U alumni attacked after homecoming

Two men were followed and then attacked on the 1700 block of University Avenue Southeast early Sunday morning.

Kevin Behr

Two University alumni returning to campus for homecoming festivities were brutally attacked early Sunday.

George Miserendino, 26, said he and a friend called it a night at about 1:20 a.m. and started walking home when they noticed three men following them in the 1700 block of University Avenue Southeast.

A verbal confrontation ensued, which quickly came to blows, he said.

Miserendino said the attackers knocked him unconscious while hitting his friend several times. The friend managed to tackle one attacker and held him down until police arrived, he said.

“These guys were looking to hurt somebody,” Miserendino said. “There’re sick people out there.”

Miserendino suffered multiple injuries, including a broken nose in two places, a fractured skull and eye socket, a concussion and a separated jaw, he said.

An ambulance transported him to Hennepin County Medical Center for treatment, according to the police report.

So far, police have arrested one suspect – the man Miserendino’s friend held down – for felony assault causing significant bodily harm, Minneapolis police Lt. Greg Reinhardt said.

No further arrests have been made, but the investigation is ongoing, he said.

Doctor’s computer stolen

Sometime during Nov. 2, a notebook computer was stolen from a doctor’s desk in the Phillips-Wangensteen Building.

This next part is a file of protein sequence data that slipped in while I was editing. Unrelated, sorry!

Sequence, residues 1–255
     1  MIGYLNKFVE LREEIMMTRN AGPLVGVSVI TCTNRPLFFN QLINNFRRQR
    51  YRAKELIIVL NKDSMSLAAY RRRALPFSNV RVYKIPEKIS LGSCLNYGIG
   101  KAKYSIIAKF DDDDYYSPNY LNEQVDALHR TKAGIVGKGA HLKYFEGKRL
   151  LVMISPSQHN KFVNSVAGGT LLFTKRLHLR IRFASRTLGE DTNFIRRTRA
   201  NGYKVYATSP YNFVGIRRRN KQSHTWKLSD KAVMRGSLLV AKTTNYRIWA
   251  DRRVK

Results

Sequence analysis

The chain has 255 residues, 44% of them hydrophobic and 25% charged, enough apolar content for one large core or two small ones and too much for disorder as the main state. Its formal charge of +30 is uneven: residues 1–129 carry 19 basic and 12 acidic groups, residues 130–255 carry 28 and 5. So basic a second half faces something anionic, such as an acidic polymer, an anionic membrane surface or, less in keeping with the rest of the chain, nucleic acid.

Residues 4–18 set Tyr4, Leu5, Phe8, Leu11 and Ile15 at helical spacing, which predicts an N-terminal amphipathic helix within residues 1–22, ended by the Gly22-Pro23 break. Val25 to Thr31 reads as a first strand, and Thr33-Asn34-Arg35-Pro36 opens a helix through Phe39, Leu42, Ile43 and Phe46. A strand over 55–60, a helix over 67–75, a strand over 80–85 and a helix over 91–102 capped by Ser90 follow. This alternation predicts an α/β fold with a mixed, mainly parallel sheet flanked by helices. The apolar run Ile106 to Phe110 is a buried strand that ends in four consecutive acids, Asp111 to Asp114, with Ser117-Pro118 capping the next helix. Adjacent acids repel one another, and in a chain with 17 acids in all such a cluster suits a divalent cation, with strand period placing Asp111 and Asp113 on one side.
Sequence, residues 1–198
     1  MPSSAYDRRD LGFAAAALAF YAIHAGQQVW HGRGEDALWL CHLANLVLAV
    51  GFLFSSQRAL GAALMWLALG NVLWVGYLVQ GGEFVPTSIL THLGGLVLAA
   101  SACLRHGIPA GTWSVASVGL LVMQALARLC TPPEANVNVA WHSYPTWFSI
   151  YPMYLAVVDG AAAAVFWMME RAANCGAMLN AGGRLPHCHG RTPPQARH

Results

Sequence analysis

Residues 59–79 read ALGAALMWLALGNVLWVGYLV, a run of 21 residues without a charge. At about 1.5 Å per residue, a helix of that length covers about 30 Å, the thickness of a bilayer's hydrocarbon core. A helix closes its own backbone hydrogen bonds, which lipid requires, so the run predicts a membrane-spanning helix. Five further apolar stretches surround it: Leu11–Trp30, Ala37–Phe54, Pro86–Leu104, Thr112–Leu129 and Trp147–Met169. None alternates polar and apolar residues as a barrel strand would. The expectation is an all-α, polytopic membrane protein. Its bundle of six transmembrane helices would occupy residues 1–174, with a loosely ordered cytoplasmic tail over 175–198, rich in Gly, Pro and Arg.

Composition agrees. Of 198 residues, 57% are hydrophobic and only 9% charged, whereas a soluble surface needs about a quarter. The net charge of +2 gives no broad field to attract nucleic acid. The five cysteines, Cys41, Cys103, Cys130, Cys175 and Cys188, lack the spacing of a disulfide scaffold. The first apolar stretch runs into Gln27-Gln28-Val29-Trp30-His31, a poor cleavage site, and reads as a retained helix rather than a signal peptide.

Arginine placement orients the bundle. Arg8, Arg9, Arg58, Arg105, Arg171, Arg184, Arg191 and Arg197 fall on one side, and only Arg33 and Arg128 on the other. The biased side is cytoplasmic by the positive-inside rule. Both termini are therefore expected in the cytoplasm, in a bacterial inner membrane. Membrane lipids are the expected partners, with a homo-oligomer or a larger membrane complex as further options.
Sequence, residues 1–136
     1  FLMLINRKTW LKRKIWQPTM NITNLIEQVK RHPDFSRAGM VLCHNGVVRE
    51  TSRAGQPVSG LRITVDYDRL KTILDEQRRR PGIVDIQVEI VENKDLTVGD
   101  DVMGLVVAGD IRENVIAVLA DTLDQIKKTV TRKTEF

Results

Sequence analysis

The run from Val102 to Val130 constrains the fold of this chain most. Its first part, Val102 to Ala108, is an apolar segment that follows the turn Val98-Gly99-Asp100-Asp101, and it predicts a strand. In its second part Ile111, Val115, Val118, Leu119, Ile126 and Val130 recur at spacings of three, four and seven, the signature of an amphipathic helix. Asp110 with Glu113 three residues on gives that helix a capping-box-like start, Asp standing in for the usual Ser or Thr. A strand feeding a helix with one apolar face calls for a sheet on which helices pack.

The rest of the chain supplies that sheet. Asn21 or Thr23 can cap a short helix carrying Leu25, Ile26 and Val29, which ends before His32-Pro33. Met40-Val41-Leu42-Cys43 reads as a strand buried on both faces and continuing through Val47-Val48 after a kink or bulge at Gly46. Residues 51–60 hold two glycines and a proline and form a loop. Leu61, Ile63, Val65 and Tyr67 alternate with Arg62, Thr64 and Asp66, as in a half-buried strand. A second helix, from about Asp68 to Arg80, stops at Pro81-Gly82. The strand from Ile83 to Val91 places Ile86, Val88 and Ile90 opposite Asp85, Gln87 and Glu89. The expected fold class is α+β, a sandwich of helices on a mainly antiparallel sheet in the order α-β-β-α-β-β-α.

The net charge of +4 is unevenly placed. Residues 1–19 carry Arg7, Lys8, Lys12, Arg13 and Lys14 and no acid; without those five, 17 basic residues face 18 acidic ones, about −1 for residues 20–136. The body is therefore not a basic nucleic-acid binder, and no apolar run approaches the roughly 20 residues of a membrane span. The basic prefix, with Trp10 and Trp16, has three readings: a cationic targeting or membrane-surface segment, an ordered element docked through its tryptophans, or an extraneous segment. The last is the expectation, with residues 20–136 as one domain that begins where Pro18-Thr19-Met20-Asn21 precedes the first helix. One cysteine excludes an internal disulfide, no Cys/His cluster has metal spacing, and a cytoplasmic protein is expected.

Elizabeth Webster, the administrative director of medical education, said the door to the doctor’s personal office was not locked and other people in the area could have seen the theft.

She said many people move in and out of the office to see physicians.

“Whoever took (the computer) was someone who blended in,” Webster said. “I guess we have to pay more attention.”

University police Deputy Chief Steve Johnson said theft is the No. 1 crime on campus and laptops seem to be the item of choice.

“The only way to fight theft is to reduce opportunities for thieves to take items,” he said.

The computer did not have any patient information on it, Webster said. However, she said, an important document pertaining to accreditation was saved on it.

Illegal sale

An employee at the 4th Street Market grocery store on 4th Street Southeast sold alcohol to minors who were sent in by police Friday afternoon.

The Minneapolis Police License Investigation Division sent underage decoys into the store to make sure the business checked IDs, police said.

The clerk failed to identify the minors as underage and sold them beer, according to the police report.

Minneapolis police Lt. Travis Glampe said this violation is the store’s third and comes with a $2,000 fine.

The 4th Street Market must meet with the Technical Advisory Committee of the Minneapolis City Council to discuss the fate of its license to sell alcohol, Glampe said. City ordinance calls for the revocation of a store’s license after the third offense, he said.

Since 1998, Minneapolis police have conducted youth alcohol compliance checks at more than 500 places that sell liquor, Reinhardt said.

“All they have to do is ask people for an ID, check it and if a person is not of age, they shouldn’t sell to them,” he said.

Glampe said the compliance checks are performed at least once a week with both male and female decoys aged 18-20 years old.

“It’s more random,” he said. “We try and check every store that has not passed two consecutive checks. They get checked every year.”